What Is the HAFA Short Sale Program?

HAFA Short Sale Program Explained

Realtor's hand placing key in new homeowner's hand
•••

David Sacks / Photodisc / Getty Images

The Home Affordable Foreclosure Alternatives (HAFA) short sale program, effective from April 5, 2010, through Dec. 31, 2016, was a government-sponsored program designed to ease the process of real estate short sales. It pre-approved a price and gave the homeowner four months to sell.

Learn how the program worked.

What Is the HAFA Short Sale Program?

The HAFA short sale program initially promised short sale approval within 10 days and gave the seller up to $10,000 in cash at closing. HAFA was part of President Obama's Making Home Affordable Program.

The program accepted no new applications after Jan. 1, 2017, and existing files needed to close by Sept. 30, 2017.

How the HAFA Short Sale Program Worked

The first step was for a borrower to apply to the Home Affordable Modification Program (HAMP), which has also ceased accepting applications. The federal government offered the Home Affordable Refinance Program (HARP) as a mortgage refinance option through the end of 2018.

These were the rules to be eligible for the now-defunct HAMP program:

  • Only personal residences are eligible.
  • The mortgage amount must be less than $729,750.
  • The borrower suffers a hardship such as loss of income, an increased mortgage payment, or an unexpected increase of expenses.
  • The mortgage originated before Jan. 1, 2009.
  • The PITI mortgage payment, including HOA fees, is more than 31% of the borrower's gross monthly income.

If any of the five rules did not apply, then the borrower was not eligible for HAMP. Once HAMP turned you down, you became eligible for HAFA. Or, if accepted into HAMP, and you stopped making loan modification payments, you could apply to HAFA.

Once the borrower was rejected for a loan modification through the HAMP Program, the borrower was then eligible to apply to the HAFA Short Sale program or pursue a Deed in-Lieu-of Foreclosure.

HAFA would pre-approve the price of that short sale and give the seller four months to sell the property through a real estate agent. Here are the eligibility requirements:

  • Personal residences are eligible. As of June 1, 2012, non-owner properties were eligible for HAFA.
  • The mortgage amount must be less than $729,750.
  • The seller must be behind or about to fall behind on the mortgage.
  • The mortgage originated before January 1, 2009.
  • The seller was or would be rejected by HAMP for a loan modification.
  • Sellers who have government loans may qualify under a different program.

Benefits of a HAFA Short Sale

After a seller had jumped through these hoops, second lenders could no longer try to force a seller to commit short sale mortgage fraud by demanding payments outside of escrow. These were other HAFA benefits:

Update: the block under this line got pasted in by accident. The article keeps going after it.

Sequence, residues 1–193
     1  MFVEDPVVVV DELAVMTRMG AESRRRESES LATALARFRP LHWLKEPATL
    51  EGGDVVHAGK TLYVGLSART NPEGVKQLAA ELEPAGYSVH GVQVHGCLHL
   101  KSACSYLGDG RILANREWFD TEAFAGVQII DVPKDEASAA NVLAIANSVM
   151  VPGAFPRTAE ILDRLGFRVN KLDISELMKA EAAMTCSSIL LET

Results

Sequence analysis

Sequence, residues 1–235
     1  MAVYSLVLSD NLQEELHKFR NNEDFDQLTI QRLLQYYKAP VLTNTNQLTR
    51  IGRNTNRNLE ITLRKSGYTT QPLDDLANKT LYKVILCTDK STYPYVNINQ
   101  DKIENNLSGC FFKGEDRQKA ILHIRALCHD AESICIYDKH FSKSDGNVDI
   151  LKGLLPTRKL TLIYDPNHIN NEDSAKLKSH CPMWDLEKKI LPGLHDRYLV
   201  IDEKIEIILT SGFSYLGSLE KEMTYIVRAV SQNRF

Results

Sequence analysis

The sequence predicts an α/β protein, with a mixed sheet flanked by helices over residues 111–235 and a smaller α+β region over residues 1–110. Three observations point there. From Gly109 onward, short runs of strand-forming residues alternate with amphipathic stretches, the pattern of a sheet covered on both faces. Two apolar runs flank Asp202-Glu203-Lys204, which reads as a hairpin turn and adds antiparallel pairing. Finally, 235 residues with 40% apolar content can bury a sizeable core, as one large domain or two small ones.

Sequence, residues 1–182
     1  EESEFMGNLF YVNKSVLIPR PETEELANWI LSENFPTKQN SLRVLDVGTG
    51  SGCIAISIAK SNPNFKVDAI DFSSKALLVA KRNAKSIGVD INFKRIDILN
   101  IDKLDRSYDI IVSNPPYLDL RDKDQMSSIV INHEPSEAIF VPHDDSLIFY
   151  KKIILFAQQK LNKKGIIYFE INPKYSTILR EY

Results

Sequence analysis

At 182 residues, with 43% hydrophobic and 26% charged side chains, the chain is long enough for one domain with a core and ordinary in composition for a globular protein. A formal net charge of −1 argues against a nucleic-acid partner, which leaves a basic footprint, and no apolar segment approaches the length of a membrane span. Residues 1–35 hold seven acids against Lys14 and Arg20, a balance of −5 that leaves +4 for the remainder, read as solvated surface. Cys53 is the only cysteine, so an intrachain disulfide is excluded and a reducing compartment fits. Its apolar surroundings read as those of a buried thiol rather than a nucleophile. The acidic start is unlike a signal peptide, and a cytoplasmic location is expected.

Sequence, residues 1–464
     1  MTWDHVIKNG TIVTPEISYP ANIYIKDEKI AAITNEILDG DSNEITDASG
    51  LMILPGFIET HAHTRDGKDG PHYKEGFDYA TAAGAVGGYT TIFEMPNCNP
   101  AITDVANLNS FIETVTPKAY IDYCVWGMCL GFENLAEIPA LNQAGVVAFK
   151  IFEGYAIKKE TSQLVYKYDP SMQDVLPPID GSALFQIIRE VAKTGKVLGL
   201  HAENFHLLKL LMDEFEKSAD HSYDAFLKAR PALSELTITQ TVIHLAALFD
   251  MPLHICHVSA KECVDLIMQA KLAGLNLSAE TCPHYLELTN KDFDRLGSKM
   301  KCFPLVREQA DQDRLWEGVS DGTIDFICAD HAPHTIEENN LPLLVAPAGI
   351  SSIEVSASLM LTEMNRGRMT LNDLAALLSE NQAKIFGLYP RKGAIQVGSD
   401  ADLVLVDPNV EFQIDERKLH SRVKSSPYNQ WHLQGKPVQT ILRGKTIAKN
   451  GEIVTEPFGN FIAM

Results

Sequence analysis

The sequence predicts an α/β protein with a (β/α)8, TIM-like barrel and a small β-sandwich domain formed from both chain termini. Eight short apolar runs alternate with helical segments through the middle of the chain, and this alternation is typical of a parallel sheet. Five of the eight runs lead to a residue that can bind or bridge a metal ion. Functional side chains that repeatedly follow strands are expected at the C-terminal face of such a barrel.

• Lenders that participate in HAFA waived the right to a deficiency judgment.
  • At the beginning, junior lenders could receive up to 6% of the loan balance or $6,000 maximum to release the loan. As of Feb 1, 2011, the 6% cap was removed by the U.S. Treasury—and that amount was a maximum of $8,500 effective June 1, 2012. As of Feb. 1, 2015, that maximum was $12,000.
  • Sellers received a government payment of $10,000 at close of escrow to cover relocation expenses, providing the home was owner occupied.
  • Sellers would not be required to make a seller contribution.
  • Lenders would agree not to foreclose during the short sale process.
  • With the exception of Fannie Mae, Freddie Mac, VA and FHA loans, the sellers' mortgage payment did not need to exceed the 31% ratio after Feb. 1, 2011.

Another condition of HAFA was that all parties must sign an arm's length affidavit. In other words, the seller could not sell to a person the seller knows or to whom the seller was related. The buyer must also agree not to sell the property for a minimum of 90 days.

Alternatives to the HAFA Short Sale Program

Although these government programs are no longer available, homeowners can try to qualify for a foreclosure avoidance program through the owner or servicer of their loan, such as Fannie Mae or Freddie Mac. One example is the Flex Modification program. Lenders may also offer in-house or proprietary modification programs, repayment plans, or forbearance agreements, so check with your lender for options.

Very few borrowers qualify for a loan modification and many short sales are for a seller who was rejected for a loan modification.

Key Takeaways

  • The Home Affordable Foreclosure Alternatives (HAFA) short sale program was a government-sponsored program designed to ease the process of real estate short sales.
  • It was effective from April 5, 2010, through Dec. 31, 2016.
  • Homeowners seeking relief must now work directly through their lender.